Thomas Merton was a 20th-century Trappist monk and prolific writer on topics of spirituality and human solidarity. His books — particularly No Man is An Island and New Seeds of Contemplation — have helped me get through life. In particular, they helped make my life make sense in the middle of a pretty tough crisis. It’s really nice to be reassured when you’re losing your mind, and my debt to him is enormous.
He died of accidental electrocution on 10 December 1968 in his cottage in Thailand, where he was attending a conference for monastics. He had delivered his paper that very morning.
I will leave you with a well-known prayer that Merton wrote, a prayer that has greatly helped me and encourages me still today. May it help some of you as well.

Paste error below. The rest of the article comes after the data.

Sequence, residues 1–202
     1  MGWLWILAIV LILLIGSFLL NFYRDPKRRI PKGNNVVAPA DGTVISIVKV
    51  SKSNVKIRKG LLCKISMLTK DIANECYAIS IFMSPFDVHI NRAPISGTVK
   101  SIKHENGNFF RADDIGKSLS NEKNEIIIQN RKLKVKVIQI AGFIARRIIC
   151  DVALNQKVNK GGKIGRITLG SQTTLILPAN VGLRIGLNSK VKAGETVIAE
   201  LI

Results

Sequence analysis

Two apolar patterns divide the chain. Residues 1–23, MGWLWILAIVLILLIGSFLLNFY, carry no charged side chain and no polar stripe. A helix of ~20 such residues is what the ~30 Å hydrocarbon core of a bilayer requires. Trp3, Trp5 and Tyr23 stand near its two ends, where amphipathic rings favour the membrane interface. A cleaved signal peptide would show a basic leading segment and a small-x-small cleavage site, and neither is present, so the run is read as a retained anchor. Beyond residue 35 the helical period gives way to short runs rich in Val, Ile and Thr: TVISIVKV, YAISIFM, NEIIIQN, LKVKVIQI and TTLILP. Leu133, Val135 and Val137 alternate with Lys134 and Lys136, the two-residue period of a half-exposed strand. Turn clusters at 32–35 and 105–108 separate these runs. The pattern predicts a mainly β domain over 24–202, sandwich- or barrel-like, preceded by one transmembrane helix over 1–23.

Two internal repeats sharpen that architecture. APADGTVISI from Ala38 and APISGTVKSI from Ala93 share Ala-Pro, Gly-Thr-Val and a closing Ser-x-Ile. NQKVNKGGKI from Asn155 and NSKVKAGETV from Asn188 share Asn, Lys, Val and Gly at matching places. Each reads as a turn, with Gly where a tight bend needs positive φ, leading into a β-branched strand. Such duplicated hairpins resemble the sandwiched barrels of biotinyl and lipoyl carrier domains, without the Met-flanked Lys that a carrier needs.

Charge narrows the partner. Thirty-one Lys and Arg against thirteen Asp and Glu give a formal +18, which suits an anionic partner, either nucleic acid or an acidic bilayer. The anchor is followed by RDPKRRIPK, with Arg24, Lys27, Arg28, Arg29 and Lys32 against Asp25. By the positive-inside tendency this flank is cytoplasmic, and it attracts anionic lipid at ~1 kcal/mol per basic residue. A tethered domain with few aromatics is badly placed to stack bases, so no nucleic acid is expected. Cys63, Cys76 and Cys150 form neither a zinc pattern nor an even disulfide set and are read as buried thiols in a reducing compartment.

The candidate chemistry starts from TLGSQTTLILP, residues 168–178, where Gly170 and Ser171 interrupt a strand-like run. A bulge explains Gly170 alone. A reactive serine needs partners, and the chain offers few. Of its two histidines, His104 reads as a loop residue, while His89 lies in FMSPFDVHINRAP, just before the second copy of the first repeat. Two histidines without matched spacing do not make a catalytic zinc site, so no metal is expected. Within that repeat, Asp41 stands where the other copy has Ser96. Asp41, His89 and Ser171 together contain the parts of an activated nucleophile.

MY LORD GOD, I have no idea where I am going. I do not see the road ahead of me. I cannot know for certain where it will end. Nor do I really know myself, and the fact that I think that I am following your will does not mean that I am actually doing so. But I believe that the desire to please you does in fact please you. And I hope I have that desire in all that I am doing. I hope that I will never do anything apart from that desire. And I know that if I do this you will lead me by the right road though I may know nothing about it. Therefore will I trust you always though I may seem to be lost and in the shadow of death. I will not fear, for you are ever with me, and you will never leave me to face my perils alone.
- from Thoughts in Solitude